2023 was an epic year for gaming. I’ve played over 150 titles released from January to now, and I could recommend many of those from the bottom of my heart. As such, here’s a list with just five picks I’d like to highlight this time.
Though I’ve played impressive visual novels this year, like Tokyo Necro, The Future Radio and the Artificial Pigeons, and Nukitashi, my one pick would have to be Lkyt. Parade’s samurai BL game is a finely tuned somber fantasy experience that beautifully hinges on tragedy.
Tasuku’s story carves for intimacy in a hopeless situation of a doomed future. It can get quite gory, so I can’t recommend it to people who can’t handle something too dark. Nonetheless, this is one of the best experiences in the genre this year.
Koei Tecmo’s rendition of the Fate series using their know-how of samurai drama is an impressive experience. Not only is this my favorite entry into the franchise (other Nasuverse experiences like Tsukihime notwithstanding), this is simply a great action RPG.
While some people may shun Omega Force for the repetitive nature of their Musou formula, they masterfully used their expertise here. Battling a lot, mastering the protagonist’s battle stances, and using other characters like multiple servants feel very fluid. The story is also a compelling drama that kept me curious from start to finish.
CyberConnect2’s passion project of steampunk furry adventures continues in Fuga II, and frankly speaking? Though it may be too similar to the original for some people, it’s a genuine improvement over the first game and one of the best RPGs released this year.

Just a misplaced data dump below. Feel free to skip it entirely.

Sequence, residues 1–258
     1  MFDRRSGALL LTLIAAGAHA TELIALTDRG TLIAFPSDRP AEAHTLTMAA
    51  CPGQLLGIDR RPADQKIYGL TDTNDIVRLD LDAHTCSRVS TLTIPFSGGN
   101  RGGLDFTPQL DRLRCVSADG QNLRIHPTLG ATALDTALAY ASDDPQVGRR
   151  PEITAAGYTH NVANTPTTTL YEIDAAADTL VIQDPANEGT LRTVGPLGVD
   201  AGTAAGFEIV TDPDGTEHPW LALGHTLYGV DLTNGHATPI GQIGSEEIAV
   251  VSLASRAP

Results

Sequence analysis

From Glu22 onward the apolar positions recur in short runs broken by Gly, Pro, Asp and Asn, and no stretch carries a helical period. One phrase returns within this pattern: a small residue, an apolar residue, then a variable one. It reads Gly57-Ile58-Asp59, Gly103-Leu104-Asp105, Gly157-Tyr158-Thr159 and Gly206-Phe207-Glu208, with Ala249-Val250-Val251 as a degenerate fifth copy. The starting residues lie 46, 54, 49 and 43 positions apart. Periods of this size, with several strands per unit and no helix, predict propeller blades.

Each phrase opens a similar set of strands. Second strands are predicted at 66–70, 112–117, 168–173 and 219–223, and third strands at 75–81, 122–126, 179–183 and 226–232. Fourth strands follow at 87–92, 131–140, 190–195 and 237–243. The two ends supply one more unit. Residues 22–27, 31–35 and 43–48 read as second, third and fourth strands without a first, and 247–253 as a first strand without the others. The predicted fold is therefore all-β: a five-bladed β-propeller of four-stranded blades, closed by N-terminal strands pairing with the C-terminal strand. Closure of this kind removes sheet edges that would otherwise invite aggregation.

Though I was initially wary of rethreading the tragic war tale of the little kemono kids, Fuga II learned from the original game’s minor missteps. The story now carves deeper, the player has even more control over their actions, and the new “Soul Cannon”-based systems are now much more than a desperate measure to avoid as much as possible.
I still don’t understand how Gust can have such a magic touch with their titles. It’s impressive to see a yearly series like Atelier that offers so much depth and flavor, and I have yet to find them stale.
Atelier Ryza 3 brought Reizalin Stout’s story to an end in yet another impressive entry in the franchise. Now, with a lively open world to explore, it manages to end the trilogy on a high note. Even though I’m not into gacha titles, which leaves me a little cautious about the next title in the franchise, I’d still say that the future looks bright for Gust when looking at their recent console titles.
In the middle of a forest, there’s a little cabin where a captive princess lives. You’re here to slay her lest the world forever be doomed. That’s the whole premise of this visual novel, which is deceptively simple but mesmerizing in its execution.
Here, you can find a sketch-like black-and-white ambiance, an “absolutely trustworthy” narrator, and the horror of facing unknown mysteries beyond human comprehension. Slay the Princess is a title that invites players to be curious, explore the possibilities, and truly dig for the beauty that lurks within its horrific nature.
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